Beijing 2008: the most expensive games ever and especially costly ones for the Chinese economy

Despite all the Chinese people’s high expectations of the Beijing 2008 Olympic Games, Chinese authorities fear that foreigners could use the occasion of the games to express their opposition to Chinese human rights affairs, etc. Besides, the Chinese government doesn’t want tourists expected for the period of the games to complain too much about pollution. To clear the air, one million vehicles will be banned from Beijings’s streets for three months. On alternate days, cars with odd and even numbers on the license plates have the permission to drive. With China cutting back its fuel subsidies and thus hiking up fuel prices by almost 20% overnight, Beijing’s motorists will have to save energy and cut back on their mobility. Most coal and steel works in the Beijing area have to cease production for the time around the games, raising fears of  supply shortages and rising prices for steel. Other rules and restrictions are aimed at making the Olympic games safer as transporting chemicals is forbidden for a 3 month period. Chemical industries and logisticians feel the pain. Special transports – e.g. those of goods vital for the Olympic games – are to be approved by authorities to enter the country which takes a lot of time and delays are inevitable. Some companies might be forced to cease their production for several weeks as they lack of material and planning reliability is rare with new rules being introduced ever few days. More severe visa restrictions have prompted several expats to return and many business travelers face difficulites with entry. Consequently, major hotels in Beijing as well as in other cities are half empty, although it was expected that most hotels would be overbooked. Now, the number of foreign visitors is even down compared with last year’s figures. The hysteria of Chinese authorities has made doing business in China a challenge at least for the time until the conclusion of the games. Actually, the Chinese government expects a small profit from hosting the games, but considering the huge financial losses for the companies in a the neighboring provinces of Beijing, the 2008 Olympic Games will be a net loss for both – companies and the nation, but it’s a unique chance for China to present itself on the world stage.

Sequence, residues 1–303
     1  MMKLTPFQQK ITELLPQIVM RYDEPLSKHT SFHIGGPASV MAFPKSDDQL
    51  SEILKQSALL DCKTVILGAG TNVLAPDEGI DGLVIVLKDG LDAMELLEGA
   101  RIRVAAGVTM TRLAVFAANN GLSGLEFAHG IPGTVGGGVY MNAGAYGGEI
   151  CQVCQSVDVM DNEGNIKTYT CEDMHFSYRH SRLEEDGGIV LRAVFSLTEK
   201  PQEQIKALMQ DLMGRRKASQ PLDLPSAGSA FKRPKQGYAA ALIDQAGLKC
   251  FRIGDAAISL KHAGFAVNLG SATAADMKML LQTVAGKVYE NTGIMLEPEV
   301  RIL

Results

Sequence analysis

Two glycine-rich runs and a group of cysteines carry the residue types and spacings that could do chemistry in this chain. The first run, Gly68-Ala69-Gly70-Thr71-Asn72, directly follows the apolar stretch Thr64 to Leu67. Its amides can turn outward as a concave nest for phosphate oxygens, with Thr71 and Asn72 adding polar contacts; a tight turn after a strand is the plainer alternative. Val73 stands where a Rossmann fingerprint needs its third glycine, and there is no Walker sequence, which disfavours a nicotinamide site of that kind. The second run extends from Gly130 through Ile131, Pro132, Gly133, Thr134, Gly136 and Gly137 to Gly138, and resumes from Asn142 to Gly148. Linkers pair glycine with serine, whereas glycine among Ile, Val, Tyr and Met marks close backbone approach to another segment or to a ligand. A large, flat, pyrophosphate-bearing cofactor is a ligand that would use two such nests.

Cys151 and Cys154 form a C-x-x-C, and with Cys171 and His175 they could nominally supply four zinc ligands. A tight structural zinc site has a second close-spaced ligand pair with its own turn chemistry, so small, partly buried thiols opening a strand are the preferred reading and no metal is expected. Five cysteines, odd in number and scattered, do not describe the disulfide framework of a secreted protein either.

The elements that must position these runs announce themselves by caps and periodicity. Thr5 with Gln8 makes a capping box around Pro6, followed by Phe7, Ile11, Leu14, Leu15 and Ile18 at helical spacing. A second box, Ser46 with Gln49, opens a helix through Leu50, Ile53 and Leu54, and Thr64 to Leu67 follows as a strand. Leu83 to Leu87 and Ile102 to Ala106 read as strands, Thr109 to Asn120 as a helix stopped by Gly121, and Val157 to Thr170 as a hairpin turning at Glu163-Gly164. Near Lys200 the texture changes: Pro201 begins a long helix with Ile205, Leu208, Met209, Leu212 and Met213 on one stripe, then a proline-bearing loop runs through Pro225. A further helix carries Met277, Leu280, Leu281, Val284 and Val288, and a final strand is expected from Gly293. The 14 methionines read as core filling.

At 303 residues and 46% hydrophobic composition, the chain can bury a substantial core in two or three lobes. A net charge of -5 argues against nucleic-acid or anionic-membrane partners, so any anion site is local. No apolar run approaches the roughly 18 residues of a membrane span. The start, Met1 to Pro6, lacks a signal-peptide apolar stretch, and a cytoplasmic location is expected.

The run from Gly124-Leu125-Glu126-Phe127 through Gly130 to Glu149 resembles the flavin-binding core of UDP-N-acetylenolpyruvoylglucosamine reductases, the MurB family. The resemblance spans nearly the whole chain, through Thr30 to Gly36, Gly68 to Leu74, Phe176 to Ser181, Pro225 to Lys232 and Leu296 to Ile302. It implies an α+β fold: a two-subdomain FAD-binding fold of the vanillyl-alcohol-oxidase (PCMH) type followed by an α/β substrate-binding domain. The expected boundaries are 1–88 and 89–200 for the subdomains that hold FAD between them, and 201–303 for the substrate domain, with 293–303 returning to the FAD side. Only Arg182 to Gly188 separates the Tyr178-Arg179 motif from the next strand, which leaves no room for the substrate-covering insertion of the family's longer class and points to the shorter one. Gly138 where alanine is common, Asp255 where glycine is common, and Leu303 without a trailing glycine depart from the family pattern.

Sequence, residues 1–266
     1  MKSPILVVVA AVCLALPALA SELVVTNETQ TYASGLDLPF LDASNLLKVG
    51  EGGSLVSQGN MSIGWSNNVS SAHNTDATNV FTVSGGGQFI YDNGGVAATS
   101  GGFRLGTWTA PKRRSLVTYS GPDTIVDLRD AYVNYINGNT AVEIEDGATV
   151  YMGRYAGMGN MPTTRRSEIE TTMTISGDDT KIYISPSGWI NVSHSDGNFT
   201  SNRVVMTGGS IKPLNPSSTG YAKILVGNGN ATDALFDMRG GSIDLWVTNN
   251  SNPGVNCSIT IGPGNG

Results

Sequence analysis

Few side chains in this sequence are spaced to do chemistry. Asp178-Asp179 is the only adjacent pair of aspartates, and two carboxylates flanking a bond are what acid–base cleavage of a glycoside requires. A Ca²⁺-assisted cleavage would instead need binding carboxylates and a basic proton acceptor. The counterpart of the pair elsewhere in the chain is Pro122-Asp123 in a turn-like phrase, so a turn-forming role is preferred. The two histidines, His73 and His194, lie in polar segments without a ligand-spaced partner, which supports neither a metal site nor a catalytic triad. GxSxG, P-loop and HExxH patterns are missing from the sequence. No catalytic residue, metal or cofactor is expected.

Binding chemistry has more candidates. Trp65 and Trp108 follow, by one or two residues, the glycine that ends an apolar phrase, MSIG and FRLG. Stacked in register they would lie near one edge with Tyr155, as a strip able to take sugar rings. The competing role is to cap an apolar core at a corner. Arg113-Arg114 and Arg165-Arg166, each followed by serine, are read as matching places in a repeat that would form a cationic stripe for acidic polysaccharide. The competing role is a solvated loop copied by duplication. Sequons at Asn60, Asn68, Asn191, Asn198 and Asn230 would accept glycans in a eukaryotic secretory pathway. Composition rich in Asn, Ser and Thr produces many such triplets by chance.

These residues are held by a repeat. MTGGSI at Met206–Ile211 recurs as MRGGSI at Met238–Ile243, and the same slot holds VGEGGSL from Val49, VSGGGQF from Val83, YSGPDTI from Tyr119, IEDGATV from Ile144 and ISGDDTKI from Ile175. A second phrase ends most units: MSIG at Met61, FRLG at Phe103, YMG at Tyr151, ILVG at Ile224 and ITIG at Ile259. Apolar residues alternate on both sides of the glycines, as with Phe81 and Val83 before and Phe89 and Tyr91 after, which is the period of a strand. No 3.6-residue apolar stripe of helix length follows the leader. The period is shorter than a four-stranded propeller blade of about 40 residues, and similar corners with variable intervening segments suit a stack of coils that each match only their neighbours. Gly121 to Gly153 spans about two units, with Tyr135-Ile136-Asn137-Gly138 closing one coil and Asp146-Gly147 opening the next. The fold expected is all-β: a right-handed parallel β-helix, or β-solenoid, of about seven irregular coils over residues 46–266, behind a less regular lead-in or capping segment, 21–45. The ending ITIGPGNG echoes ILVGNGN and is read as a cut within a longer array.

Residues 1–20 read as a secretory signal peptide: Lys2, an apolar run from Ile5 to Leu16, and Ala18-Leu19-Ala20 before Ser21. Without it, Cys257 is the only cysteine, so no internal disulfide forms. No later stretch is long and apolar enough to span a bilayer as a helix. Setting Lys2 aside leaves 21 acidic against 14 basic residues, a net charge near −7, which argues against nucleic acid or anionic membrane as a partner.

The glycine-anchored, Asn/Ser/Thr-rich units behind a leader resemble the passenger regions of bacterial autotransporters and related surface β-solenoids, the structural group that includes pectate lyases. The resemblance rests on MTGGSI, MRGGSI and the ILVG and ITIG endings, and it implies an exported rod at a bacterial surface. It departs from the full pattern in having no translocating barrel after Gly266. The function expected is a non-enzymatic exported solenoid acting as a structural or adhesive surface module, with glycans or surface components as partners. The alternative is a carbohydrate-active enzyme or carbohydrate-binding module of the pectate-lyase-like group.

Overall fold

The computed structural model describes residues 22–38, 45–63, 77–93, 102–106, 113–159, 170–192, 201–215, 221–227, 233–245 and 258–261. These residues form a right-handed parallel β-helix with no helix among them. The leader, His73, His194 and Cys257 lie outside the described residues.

An interesting question will be whether the Chinese administration will untighten its grip on every sector of life and business again after the games.

http://www.time.com/time/world/article/0,8599,1819373,00.html

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